Cystic echinococcosis (CE) or hydatid cyst, caused by the larval stage of Echinococcus granulosus, is a zoonotic helminthic disease that imposes considerable economic losses and is a major public health problem in many countries around the world. CE is endemic in the entire Mediterranean zone, including all countries from the Middle East [1]. Humans become infected through ingestion of food contaminated with parasite eggs, which are excreted in the feces of the dogs. The eggs hatch in the human's gut and the embryo (oncosphere) penetrates the wall of the intestine and is passed through the bloodstream till they reach the vital organs such as the lungs, liver, or brain, where they become hydatid cysts. When an E. granulosus oncosphere becomes trapped in an arterial capillary of the lung, the larva develops silently during few years and transforms into a hydatid cyst [2]. Although most of the E. granulosus embryos are trapped in the liver, smaller embryos may pass over the hepatic sinusoids and, through the right heart, settle in the lungs. Transdiaphragmatic spreading due to transdiaphragmatic rupture of liver hydatid cyst is considered as the second way of lung infection. The later approach may explain the simultaneous involvement of the liver and lungs with a hydatid cyst [3]. Pulmonary hydatid cyst remains a challenging problem for general and thoracic surgeons in any CE-endemic countries.

Clinical presentation of lung hydatid cysts depends on whether the cyst is ruptured or intact. In the majority of cases, asymptomatic or intact hydatid cysts are detected incidentally during chest X-ray; nevertheless, large cysts may cause symptoms in patients due to the compression of organs adjacent to the lesion. Cough is the main symptom in the majority of pulmonary hydatid cysts cases. In a study by Darwish et al. on 206 patients with pulmonary hydatid cyst, the cough was reported in 54% of cases [4]. In another study on 445 lung hydatid cyst patients, the cough was the chief complaint (79%) of the adults and was much more common (93%) in the children [5]. Breathlessness, chest pain, hemoptysis, and expectoration, are reported as the other symptoms of pulmonary hydatid cysts.

Large pulmonary hydatid cysts can result in complications and increased morbidity [6]. As lungs are softer in consistency than the liver, pulmonary hydatid cysts grow faster than the liver cysts. Moreover, hydatid cysts in children grow at a faster rate and become larger than the adults, owing to their more elastic lung tissues [7, 8].

Hydatid cysts are usually detected as multiple circumscribed oval or solitary masses in radiological imaging [6]. Pneumothorax, suppuration, rupture, and secondary infection are considered as pulmonary hydatid cysts complications [6, 9,10,11,12,13,14,15]. Serological diagnosis may help in the diagnosis of pulmonary hydatid cyst [16,17,18].

The optimal choice for treating lung hydatid cyst of any size is considered to be surgery. Regarding giant pulmonary hydatid cysts, some surgeons prefer pneumonectomy or lobectomy [6, 19] while others suggest the lung preserving surgical methods, regardless of the cyst size [20,21,22].

Hydatid cyst is a major health problem in Iran where about 1% of all surgeries in hospitals are due to this relatively neglected disease [23,24,25,26,27,28,29]. The current hospital-based retrospective study aimed to assess the demographical features, clinical presentation, treatment, and outcomes of lung hydatid cyst in patients who underwent surgery in two main hospitals in Fars province, southern Iran.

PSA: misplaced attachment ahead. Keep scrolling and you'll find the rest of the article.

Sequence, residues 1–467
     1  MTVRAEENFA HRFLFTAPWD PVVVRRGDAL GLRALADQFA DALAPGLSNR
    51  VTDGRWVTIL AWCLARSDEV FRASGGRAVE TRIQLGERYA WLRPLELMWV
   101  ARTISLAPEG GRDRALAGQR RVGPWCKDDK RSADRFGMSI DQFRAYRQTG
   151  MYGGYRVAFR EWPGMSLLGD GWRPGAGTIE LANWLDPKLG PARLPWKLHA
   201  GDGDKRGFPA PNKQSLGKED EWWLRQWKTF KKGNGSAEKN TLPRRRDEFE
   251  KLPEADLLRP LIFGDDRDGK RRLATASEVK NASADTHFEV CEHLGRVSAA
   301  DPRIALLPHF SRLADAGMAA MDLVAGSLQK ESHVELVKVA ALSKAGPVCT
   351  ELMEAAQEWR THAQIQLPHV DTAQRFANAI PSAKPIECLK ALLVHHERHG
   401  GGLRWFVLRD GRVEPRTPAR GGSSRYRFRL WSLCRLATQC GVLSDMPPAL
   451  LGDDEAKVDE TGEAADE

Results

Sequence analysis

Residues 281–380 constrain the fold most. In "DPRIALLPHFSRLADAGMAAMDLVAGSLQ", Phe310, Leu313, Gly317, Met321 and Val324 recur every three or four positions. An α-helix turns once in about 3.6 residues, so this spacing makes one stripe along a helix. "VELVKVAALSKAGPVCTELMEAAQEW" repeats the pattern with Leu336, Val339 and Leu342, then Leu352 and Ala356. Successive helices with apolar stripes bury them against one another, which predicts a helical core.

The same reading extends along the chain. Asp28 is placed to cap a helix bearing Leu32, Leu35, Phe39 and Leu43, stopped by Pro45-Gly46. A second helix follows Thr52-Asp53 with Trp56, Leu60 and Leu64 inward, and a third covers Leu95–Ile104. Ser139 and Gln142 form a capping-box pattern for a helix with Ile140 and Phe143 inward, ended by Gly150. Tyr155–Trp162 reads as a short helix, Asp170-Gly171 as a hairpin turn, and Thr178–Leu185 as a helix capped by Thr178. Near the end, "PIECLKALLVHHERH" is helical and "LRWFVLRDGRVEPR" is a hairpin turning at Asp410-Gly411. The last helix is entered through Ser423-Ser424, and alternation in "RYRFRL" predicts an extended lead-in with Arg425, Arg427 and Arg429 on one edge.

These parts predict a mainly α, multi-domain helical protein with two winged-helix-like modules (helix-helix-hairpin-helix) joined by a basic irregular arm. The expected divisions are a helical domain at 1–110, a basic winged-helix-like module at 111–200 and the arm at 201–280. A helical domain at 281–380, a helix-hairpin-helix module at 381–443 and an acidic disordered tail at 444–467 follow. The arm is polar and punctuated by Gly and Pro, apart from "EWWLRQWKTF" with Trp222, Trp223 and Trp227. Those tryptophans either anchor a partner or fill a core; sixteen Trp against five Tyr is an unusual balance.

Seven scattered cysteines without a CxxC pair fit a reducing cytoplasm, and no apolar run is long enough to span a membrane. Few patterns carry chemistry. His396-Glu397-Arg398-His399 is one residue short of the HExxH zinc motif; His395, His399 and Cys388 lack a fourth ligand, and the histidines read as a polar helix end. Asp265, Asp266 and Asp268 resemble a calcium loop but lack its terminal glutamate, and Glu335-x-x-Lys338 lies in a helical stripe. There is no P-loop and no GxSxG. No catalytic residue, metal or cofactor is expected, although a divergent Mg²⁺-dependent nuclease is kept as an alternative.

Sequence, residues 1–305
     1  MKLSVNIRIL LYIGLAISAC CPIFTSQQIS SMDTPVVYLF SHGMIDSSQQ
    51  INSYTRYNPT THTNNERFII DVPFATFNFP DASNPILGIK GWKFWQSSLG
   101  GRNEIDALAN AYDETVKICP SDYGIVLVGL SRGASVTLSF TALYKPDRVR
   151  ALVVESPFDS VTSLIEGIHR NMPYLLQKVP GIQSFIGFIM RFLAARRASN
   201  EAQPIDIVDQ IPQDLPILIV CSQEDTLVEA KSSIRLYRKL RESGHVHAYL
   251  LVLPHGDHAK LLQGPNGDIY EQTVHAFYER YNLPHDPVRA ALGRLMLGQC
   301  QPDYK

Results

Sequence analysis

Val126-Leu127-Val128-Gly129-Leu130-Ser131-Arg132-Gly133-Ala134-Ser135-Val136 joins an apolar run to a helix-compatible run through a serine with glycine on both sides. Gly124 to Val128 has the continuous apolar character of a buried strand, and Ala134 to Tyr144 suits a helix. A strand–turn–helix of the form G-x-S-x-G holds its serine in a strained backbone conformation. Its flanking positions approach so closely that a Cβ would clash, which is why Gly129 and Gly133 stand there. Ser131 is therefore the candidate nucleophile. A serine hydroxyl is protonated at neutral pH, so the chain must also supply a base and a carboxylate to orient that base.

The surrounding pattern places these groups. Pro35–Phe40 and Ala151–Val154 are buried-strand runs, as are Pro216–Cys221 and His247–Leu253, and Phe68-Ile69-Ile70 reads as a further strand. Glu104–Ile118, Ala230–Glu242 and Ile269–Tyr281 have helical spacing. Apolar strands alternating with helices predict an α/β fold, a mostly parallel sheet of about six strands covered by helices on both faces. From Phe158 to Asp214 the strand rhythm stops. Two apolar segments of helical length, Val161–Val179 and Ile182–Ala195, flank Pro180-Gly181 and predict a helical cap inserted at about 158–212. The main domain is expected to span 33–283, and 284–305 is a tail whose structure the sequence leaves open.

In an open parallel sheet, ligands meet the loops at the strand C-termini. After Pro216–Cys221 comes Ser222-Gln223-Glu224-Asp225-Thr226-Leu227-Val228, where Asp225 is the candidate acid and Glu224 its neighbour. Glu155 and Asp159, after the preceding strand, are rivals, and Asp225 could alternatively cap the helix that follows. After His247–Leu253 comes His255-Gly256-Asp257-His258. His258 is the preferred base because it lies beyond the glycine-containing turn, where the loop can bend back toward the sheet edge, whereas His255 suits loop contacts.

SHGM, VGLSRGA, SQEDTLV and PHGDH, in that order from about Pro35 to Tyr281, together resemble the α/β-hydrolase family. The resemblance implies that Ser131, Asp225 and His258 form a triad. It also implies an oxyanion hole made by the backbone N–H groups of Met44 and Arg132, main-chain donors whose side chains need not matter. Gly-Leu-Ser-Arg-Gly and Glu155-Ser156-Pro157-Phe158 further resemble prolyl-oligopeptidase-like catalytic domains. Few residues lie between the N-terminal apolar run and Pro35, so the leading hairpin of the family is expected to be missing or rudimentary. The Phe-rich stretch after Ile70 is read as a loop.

Study area and data collection

This study was conducted in Shiraz, the capital of Fars Province in southern Iran (Fig. 1). The population of Shiraz is 1,869,001(the fifth-most-populous city in Iran). Hospital records of patients, who underwent surgery due to pulmonary hydatid cysts during a 15-years period (2004–2018) in two main university-affiliated and referral hospitals (Shahid Faghihi and Namazi) in Fars Province in southern Iran, were reviewed. The preliminary diagnosis of hydatid cyst in all cases has been well-defined by postoperative pathological findings. Thus, operation with the diagnosis of CE and post-operative confirmation by a pathological approach were the inclusion criteria for any pulmonary hydatid cases, while reviewing the records.

Fig. 1
figure 1

Map of the study area, Fars province, southern Iran

The hospital medical records of all patients were carefully reviewed by members of our team which included both medical students and physicians. The demographic and clinical data existing in the patients’ records including age, sex, place of residence, cyst features (number, location, size, multicystic, multiloculated, daughter cyst, septation, rupture, inflammation based on radiology report, superimposed infection, and calcification), sign and symptoms, duration of hospitalization, treatment modalities, surgical procedures, the outcome of treatment, and history of relapse and other hydatid cyst relevant data were recorded. In our study, for measuring the area of the cyst, the square centimeters of the area of cysts was calculated using the area of the oval/circle formula; which was the smallest radius (half of the smallest diameter) multiplied by largest radius (half of the largest diameter) by Pi (3.14) which was used for all imaging modalities.

Statistical analysis

Collected data were analyzed, using SPSS software, version 28 for Windows (SPSS Inc.). The data were checked regarding their normal distribution with the Komarov-Shapiro test, and parametric data were reported as mean and standard deviation (SD), while non-parametric data were reported as median and quartiles. Demographic and clinical data of patients were tabulated. Statistical analyses were performed, using the Chi-square test for independence or categorical dependent variables. Significance level was set at P < 0.05.


A total of 224 hydatid cyst cases of the lung were reviewed in this retrospective study. The majority of cases (60.4%) were male. The patients’ age ranged from 2 to 94 years old with a mean age of 31.13 (± 19.6) years. Figure 2 shows the frequency of hydatid cyst in the lung among various age groups. Also, the demographic and clinical features of patients with pulmonary hydatid cysts in the current study are demonstrated in Table 1.